Election 2016

Clinton defeats Sanders in Florida, Ohio and North Carolina

Democratic presidential candidate Hillary Clinton arrives to a cheering crowd as she arrives at an election night event at the Palm Beach County Convention Center in West Palm Beach, Fla., Tuesday, March 15, 2016.

Democratic presidential candidate Hillary Clinton arrives to a cheering crowd as she arrives at an election night event at the Palm Beach County Convention Center in West Palm Beach, Fla., Tuesday, March 15, 2016. AP Photo/Carolyn Kaster

WEST PALM BEACH, Fla. — Hillary Clinton rolled up primary victories in Florida, Ohio and North Carolina on Tuesday, dealing a severe blow to Bernie Sanders’ bid to slow her march toward the Democratic presidential nomination.

“We are moving closer to securing the Democratic Party nomination and winning this election in November,” Clinton told cheering supporters in Florida, calling it “another Super Tuesday for our campaign.”

Clinton also was competing against Sanders in two other Midwestern states, Missouri and Illinois. But her primary night trifecta strengthened her already formidable pledged delegate lead, and the former secretary of state said she expected to have a more than 300-delegate edge by the end of the day.

Sanders, addressing supporters in Phoenix, said his campaign had “come a long way” but made no mention of Tuesday’s results during an hourlong speech. “The reason we have defied all expectations is that we are doing something very radical in American politics — we are telling the truth,” he said.

Florida was the biggest delegate prize and Clinton’s victories put her in a position to end the day with about two-thirds of the delegates needed to clinch the nomination.

With the three wins, Clinton will pick up at least 253 delegates while Sanders will gain 124. Many delegates remain to be allocated pending more complete vote totals.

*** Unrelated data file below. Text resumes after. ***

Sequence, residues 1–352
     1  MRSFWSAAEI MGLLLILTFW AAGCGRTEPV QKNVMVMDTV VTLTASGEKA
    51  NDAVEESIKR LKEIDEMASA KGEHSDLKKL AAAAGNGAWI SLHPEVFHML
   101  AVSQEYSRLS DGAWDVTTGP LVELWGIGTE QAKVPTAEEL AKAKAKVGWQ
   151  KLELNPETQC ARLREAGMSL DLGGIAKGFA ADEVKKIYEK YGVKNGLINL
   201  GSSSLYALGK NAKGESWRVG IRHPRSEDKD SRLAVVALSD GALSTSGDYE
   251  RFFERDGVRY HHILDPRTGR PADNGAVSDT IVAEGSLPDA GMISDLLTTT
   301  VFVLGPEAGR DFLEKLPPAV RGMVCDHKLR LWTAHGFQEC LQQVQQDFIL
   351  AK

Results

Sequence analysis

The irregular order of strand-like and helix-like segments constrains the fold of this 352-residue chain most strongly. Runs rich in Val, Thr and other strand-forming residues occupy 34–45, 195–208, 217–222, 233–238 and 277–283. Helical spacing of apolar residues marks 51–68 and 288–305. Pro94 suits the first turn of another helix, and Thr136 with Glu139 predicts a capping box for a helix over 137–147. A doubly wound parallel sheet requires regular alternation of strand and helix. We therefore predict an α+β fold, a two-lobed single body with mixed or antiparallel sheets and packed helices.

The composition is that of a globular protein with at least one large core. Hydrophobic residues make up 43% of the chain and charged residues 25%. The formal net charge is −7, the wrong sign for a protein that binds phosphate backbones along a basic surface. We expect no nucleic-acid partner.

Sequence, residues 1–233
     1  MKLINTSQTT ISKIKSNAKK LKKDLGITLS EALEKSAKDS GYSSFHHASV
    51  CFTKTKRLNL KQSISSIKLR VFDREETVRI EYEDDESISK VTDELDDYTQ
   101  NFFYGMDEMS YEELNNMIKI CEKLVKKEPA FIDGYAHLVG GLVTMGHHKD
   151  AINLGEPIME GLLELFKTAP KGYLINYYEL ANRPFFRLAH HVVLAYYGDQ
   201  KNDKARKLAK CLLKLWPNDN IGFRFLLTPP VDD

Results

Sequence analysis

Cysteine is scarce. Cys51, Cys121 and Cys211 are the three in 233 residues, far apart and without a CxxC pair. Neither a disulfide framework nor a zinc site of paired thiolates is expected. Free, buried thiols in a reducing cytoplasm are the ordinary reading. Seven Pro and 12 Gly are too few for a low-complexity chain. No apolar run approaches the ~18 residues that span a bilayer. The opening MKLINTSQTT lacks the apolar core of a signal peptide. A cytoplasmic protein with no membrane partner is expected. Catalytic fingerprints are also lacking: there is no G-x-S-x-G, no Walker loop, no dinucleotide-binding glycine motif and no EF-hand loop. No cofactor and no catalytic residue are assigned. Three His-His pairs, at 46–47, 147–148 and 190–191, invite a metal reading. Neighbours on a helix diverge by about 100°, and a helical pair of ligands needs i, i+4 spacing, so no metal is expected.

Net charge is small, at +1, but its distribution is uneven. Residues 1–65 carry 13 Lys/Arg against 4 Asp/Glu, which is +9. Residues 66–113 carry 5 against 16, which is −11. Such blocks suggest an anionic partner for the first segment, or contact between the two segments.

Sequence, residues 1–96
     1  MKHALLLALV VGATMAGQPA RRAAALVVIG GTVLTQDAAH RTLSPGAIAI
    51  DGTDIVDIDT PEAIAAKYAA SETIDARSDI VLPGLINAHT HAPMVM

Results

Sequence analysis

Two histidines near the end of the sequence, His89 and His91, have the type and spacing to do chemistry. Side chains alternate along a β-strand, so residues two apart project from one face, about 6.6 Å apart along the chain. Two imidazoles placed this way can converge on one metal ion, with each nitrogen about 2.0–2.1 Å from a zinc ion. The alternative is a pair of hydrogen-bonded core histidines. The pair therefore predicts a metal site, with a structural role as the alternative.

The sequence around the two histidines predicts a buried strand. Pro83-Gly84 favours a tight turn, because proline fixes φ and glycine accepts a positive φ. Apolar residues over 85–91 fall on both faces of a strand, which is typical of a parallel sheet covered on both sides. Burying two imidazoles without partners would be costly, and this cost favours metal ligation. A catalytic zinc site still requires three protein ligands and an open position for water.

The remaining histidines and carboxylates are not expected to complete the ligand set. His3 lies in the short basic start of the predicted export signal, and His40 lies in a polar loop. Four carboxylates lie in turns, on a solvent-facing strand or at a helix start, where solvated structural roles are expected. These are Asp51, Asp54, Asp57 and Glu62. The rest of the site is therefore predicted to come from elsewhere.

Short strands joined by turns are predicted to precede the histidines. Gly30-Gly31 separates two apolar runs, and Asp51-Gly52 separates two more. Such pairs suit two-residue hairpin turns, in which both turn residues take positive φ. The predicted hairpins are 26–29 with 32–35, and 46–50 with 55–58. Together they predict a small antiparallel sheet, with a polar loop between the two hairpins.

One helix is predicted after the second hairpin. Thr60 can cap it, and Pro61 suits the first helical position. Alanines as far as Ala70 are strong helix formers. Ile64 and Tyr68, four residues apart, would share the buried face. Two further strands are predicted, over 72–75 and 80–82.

According to an analysis by The Associated Press, Clinton held 1,488 of total delegates when the count includes superdelegates, who are elected officials and party leaders free to support the candidate of their choice. Sanders has 704 total delegates, including superdelegates.

Looking ahead to the fall, Clinton offered pointed words for businessman Donald Trump, the Republican front-runner: “Our commander-in-chief has to be able to defend our country, not embarrass it.” She said for the nation “to be great, we can’t be small. We can’t lose what made America great in the first place.”

Democratic voters in all five states viewed Clinton as the candidate with the better chance to beat Trump if he is the Republican nominee, according to exit polls. In Florida and North Carolina, about 8 in 10 black voters supported her, and she also won support of about 7 in 10 Hispanic voters in Florida.

“She has done it. She has been there. She is the person that should replace Barack Obama,” said Eduardo De Jesus, of Fort Lauderdale, Florida, who voted for Clinton.

Clinton urged Democrats in recent days to unite behind her candidacy so she could focus on Trump, the Republican front-runner. In telling campaign optics, Clinton staged Tuesday’s primary night rally in West Palm Beach, a few miles from Mar-a-Lago, where Trump held a news conference at his Palm Beach estate.

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